Evolutionary hypotheses regarding longevity predict that life span should increase as extrinsic mortality rates decrease. Specifically, a decline in age-specific survival and fertility should evolve and decrease life span in proportion to the magnitude of the mortality risk. We examined these ideas using a new data set on maximum longevity, ecology, and life history of 162 parrot species (Psittaciformes). Parrots are generally long-lived but exhibit remarkable variation in life span between similar-sized genera, with particularly long-lived species occurring in the Cacatua, Calyptorhynchus, and Amazona. After controlling for both body size and phylogenetic ancestry using a phylogenetic supertree of all 352 parrot species, type of diet and communal roosting explain significant variation in parrot life span, but the influence of communal roosting is statistically dependent on an association with diet type. We suggest that extreme longevity in parrots has evolved in response to species-specific characteristics of diet, habitat, and behavior that influence extrinsic mortality rates.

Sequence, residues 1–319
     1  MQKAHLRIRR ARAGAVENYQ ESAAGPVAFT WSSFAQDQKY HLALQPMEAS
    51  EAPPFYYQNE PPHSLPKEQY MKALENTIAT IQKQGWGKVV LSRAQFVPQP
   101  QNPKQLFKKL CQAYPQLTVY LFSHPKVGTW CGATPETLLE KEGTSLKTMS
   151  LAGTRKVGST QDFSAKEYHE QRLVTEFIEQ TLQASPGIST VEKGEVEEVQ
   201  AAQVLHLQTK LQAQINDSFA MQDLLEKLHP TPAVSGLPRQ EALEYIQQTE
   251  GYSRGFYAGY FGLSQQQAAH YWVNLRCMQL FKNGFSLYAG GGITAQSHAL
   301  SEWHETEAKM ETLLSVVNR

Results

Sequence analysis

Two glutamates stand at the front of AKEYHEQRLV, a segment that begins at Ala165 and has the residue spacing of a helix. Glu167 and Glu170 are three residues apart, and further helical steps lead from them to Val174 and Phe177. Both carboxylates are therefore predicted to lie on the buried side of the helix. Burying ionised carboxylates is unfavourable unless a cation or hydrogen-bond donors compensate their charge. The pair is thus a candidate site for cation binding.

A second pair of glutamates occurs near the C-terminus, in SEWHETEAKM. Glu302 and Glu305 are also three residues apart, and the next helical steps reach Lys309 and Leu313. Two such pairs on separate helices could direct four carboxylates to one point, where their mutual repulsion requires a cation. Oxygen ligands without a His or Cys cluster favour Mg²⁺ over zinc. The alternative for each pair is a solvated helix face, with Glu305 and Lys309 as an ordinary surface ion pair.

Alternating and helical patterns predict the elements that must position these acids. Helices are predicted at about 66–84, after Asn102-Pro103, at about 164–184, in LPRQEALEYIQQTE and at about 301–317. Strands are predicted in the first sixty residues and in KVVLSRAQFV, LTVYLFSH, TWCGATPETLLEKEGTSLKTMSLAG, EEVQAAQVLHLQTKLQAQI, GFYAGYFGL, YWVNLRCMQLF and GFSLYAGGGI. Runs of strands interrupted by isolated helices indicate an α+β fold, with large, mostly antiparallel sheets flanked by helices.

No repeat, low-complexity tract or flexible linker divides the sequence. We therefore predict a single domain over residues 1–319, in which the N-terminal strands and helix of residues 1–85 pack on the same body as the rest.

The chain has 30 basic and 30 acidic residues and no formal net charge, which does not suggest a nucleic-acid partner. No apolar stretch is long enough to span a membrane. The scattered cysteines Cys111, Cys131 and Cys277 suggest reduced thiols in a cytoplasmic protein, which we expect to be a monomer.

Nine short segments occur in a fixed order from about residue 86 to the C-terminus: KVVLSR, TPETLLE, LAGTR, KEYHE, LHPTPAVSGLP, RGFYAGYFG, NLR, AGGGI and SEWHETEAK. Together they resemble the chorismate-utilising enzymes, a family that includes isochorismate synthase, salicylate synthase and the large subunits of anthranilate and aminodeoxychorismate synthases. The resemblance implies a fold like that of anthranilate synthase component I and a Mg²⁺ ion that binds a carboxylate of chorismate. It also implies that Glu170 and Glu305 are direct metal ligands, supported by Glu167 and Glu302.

La Dieta Influencia la Longevidad en los Psittaciformes